The 37 years between the demise of the E-Type in 1975 and the launch of the F-Type in 2012 were packed with ‘what if’ and ‘nearly’ moments as Jaguar explored how to replace the most famous and beautiful car of all time.
The XJS may have immediately followed the E-Type out of Browns Lane, remaining in production until 1996, but, fine as it was, it would never be seen as a true successor. Nor was it trying to be.
The ‘F-Type’ nearly arrived in the mid-1980s, with the XJ-41 convertible and XJ-42 coupé designed to replace the XJS with a model much more akin to the E-Type, until new owner Ford arrived and killed a project that, in truth, had spent too long in development by that point and had gotten too heavy anyway.
Then came the X100 in 1996, a car we know now as the XK, but in Autocar’s scoop story of 11 November 1992, all signs pointed to the fact that the E-Type’s true successor, the F-Type, was coming.
An intrepid news reporter by the name of Steve Cropley got the scoop. “At last, Ford and Jaguar bosses have given their backing to a spiritual successor to the E-Type,” Cropley reported. “This stunning sports car, an XJS replacement codenamed X100, is due on sale in 1996.”
Cropley continued: “The X100 will use a modified version of the present XJS floorpan and suspension, but far from being a straightforward XJS replacement, it is expected to be lighter, smaller and much more nimble.”
The X100 was to be “superbly styled” and be powered by a new four-cam, 32-valve, 4.0-litre AJ26 V8 from a modular family of engines to come from Ford’s Bridgend factory. Performance was tipped to match the 5.3-litre V12-powered XJS of the day, with a 140mph top speed and a 0-60mph time of less than seven seconds.
As for the handling, Cropley reported that “the efforts of some of the UK’s finest suspension engineers will make the X100 the sports car the XJS never was. This will be a car to be driven”.
Cropley’s sources had told him that the car was signed off in October 1992 at a meeting in Coventry between Ford and Jaguar bosses, a decision that “sent an unprecedented wave of optimism and excitement through Jaguar’s Browns Lane headquarters”. Indeed, so enthused were Jaguar’s 14 bosses with the car that “every one of them has claimed he’d spend his own money to buy one”.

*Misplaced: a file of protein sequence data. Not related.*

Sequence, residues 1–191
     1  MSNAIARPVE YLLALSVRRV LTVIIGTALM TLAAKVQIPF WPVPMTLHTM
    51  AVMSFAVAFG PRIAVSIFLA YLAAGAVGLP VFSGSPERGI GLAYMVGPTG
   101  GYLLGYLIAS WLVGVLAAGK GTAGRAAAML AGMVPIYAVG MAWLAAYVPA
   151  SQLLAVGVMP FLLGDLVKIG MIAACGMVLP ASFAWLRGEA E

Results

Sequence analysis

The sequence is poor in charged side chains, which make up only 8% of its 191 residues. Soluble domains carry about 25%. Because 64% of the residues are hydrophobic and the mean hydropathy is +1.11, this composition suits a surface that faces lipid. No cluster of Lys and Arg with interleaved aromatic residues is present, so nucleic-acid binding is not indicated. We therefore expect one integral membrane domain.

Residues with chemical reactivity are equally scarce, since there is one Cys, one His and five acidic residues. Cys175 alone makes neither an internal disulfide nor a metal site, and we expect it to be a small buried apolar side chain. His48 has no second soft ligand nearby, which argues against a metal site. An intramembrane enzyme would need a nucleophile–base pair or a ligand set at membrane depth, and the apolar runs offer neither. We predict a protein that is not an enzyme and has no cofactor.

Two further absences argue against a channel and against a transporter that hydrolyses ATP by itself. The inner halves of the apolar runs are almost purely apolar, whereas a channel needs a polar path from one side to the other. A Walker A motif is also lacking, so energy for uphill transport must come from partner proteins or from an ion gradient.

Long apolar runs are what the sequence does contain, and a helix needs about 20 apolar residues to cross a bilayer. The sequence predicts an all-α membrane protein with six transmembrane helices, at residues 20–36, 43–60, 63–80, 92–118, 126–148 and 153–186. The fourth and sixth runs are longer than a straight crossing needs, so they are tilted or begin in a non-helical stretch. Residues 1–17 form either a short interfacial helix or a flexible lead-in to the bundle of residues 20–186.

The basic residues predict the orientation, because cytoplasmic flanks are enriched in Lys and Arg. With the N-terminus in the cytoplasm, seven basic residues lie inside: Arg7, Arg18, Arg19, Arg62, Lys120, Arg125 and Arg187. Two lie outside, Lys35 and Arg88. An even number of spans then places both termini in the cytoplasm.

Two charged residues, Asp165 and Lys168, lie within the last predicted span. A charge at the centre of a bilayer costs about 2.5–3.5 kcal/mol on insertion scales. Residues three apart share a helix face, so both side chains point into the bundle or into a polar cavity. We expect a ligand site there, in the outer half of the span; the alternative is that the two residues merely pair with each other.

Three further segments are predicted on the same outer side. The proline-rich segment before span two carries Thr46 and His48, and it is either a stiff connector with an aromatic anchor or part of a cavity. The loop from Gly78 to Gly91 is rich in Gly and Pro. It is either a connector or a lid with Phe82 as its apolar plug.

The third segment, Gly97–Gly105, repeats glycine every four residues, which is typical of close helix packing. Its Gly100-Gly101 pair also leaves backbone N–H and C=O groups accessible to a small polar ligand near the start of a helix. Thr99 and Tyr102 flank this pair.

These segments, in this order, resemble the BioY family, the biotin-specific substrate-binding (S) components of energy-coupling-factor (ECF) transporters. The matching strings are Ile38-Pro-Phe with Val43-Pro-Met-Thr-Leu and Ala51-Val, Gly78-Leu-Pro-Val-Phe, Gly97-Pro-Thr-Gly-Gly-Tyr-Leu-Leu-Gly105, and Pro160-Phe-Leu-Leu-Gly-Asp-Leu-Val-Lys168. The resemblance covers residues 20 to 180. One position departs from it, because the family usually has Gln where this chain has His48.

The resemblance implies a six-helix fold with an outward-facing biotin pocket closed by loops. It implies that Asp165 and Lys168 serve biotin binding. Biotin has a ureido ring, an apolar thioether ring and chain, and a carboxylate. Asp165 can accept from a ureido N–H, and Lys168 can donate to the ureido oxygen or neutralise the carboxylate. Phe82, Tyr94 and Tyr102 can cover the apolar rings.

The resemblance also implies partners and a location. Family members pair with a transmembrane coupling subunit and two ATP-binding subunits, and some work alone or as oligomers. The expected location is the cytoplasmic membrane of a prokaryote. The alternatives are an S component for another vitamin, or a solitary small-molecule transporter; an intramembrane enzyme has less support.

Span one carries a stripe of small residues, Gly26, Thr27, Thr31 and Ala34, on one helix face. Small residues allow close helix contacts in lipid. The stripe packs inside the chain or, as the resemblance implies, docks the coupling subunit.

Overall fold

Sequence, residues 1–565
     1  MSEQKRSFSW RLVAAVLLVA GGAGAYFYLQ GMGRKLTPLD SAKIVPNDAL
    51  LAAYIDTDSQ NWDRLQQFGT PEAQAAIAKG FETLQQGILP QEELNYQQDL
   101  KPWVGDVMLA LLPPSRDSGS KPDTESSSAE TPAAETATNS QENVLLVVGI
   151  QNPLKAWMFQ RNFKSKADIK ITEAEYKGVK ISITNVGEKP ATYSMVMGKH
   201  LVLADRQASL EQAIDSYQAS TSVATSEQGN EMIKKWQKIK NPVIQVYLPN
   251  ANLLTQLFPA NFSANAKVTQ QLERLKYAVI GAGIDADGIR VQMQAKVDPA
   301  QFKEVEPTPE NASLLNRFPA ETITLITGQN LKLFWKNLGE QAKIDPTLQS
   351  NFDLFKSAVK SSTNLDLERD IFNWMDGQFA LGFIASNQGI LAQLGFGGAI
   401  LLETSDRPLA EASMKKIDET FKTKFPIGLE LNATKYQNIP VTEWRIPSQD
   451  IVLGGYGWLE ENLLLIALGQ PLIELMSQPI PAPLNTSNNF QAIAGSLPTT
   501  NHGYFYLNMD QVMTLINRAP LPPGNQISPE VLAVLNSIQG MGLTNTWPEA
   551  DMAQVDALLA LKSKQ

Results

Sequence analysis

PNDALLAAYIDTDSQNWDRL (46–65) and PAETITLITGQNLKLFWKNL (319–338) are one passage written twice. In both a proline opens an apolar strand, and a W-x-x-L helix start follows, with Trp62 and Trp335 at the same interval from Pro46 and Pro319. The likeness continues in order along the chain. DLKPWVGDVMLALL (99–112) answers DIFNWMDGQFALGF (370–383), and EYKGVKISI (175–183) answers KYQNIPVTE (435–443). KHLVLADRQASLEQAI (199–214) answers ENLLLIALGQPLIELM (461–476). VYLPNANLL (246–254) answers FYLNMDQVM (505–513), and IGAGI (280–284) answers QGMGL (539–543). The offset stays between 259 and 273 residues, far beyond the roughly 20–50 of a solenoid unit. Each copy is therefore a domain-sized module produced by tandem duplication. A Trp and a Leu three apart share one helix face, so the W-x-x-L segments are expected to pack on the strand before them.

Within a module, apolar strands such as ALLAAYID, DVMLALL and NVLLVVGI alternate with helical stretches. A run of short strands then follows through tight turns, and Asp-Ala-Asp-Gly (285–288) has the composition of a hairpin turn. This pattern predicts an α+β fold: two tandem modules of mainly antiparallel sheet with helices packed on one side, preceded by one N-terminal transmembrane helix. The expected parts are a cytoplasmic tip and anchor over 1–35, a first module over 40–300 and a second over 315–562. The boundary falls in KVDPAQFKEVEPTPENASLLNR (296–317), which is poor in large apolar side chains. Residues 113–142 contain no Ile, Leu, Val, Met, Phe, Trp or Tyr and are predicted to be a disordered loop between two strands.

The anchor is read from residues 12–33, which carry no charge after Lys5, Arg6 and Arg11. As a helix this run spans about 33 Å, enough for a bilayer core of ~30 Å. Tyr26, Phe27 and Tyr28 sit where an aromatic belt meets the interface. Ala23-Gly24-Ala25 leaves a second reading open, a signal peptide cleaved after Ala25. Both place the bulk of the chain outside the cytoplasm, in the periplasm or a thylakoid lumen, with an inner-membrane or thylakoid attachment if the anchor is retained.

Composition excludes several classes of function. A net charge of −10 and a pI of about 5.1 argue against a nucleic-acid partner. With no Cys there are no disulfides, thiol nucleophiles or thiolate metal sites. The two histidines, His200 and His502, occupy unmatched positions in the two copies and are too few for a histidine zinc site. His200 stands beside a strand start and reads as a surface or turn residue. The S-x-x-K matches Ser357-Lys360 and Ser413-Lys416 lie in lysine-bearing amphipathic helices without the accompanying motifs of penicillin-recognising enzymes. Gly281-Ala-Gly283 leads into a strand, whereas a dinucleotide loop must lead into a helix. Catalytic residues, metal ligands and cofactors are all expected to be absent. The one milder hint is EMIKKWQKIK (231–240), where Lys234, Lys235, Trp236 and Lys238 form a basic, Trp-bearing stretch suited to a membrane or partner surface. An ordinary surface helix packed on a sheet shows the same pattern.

On those looks, the X100 was the work of Jaguar’s in-house design team, headed by Geoff Lawson and Keith Helfet. The design saw off challenges from Ford HQ’s design studio in Dearborn and the Ghia studio in Turin, something Cropley noted as significant, with Lawson and Helfet being able to “preserve the traditional Jaguar look”.
Before the X100 could be launched four years after Cropley’s scoop, Jaguar had to overcome sagging sales in its key US and UK markets and also get the X300 into production as a replacement for the XJ6. The XJS also had to be kept fresh in the intervening years.
“Lingering problems or not,” Cropley started his sign-off, “this is a great moment in Jaguar’s history. Concrete plans are now afoot for the beleaguered company to produce its most keenly awaited car, its most radical design in 30 years and a probable lifesaver.”
The X100 did go on sale in 1996, but by then it was called the XK. Still more GT than sports car, the XK stayed in production until last year, by which time the E-Type had been replaced in Jaguar’s line-up once and for all with a proper sports car. Called F-Type, of course.
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